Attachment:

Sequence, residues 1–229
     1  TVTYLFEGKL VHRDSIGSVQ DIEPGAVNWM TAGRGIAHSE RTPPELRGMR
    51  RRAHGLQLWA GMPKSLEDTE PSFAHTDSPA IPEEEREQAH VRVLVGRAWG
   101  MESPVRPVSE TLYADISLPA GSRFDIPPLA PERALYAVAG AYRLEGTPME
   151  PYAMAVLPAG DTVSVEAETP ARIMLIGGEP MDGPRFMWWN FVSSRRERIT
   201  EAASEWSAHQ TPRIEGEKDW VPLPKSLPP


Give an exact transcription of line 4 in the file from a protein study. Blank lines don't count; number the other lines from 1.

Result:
   101  MESPVRPVSE TLYADISLPA GSRFDIPPLA PERALYAVAG AYRLEGTPME